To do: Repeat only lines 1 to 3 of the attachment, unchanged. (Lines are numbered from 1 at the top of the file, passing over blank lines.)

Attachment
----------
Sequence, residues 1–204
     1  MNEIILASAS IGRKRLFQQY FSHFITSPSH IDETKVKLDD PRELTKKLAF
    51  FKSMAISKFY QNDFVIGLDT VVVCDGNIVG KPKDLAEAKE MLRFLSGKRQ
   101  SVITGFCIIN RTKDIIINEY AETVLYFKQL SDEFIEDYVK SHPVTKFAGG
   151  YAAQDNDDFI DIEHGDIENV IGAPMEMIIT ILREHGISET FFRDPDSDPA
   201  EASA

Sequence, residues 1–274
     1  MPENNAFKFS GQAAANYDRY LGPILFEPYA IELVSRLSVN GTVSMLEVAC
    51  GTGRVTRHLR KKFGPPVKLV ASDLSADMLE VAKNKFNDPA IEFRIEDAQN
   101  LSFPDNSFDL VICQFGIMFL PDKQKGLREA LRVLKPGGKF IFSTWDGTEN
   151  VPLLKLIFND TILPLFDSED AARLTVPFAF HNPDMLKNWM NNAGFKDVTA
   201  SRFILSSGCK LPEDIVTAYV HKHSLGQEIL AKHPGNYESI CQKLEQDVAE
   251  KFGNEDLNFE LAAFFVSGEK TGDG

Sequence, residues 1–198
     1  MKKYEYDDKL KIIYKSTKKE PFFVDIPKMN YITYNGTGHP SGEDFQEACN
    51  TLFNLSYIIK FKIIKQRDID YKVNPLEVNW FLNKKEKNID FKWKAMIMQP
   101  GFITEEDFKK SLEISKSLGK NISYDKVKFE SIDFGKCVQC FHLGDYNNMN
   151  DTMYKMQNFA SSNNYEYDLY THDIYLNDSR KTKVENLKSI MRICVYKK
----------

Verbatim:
Sequence, residues 1–204
     1  MNEIILASAS IGRKRLFQQY FSHFITSPSH IDETKVKLDD PRELTKKLAF
    51  FKSMAISKFY QNDFVIGLDT VVVCDGNIVG KPKDLAEAKE MLRFLSGKRQ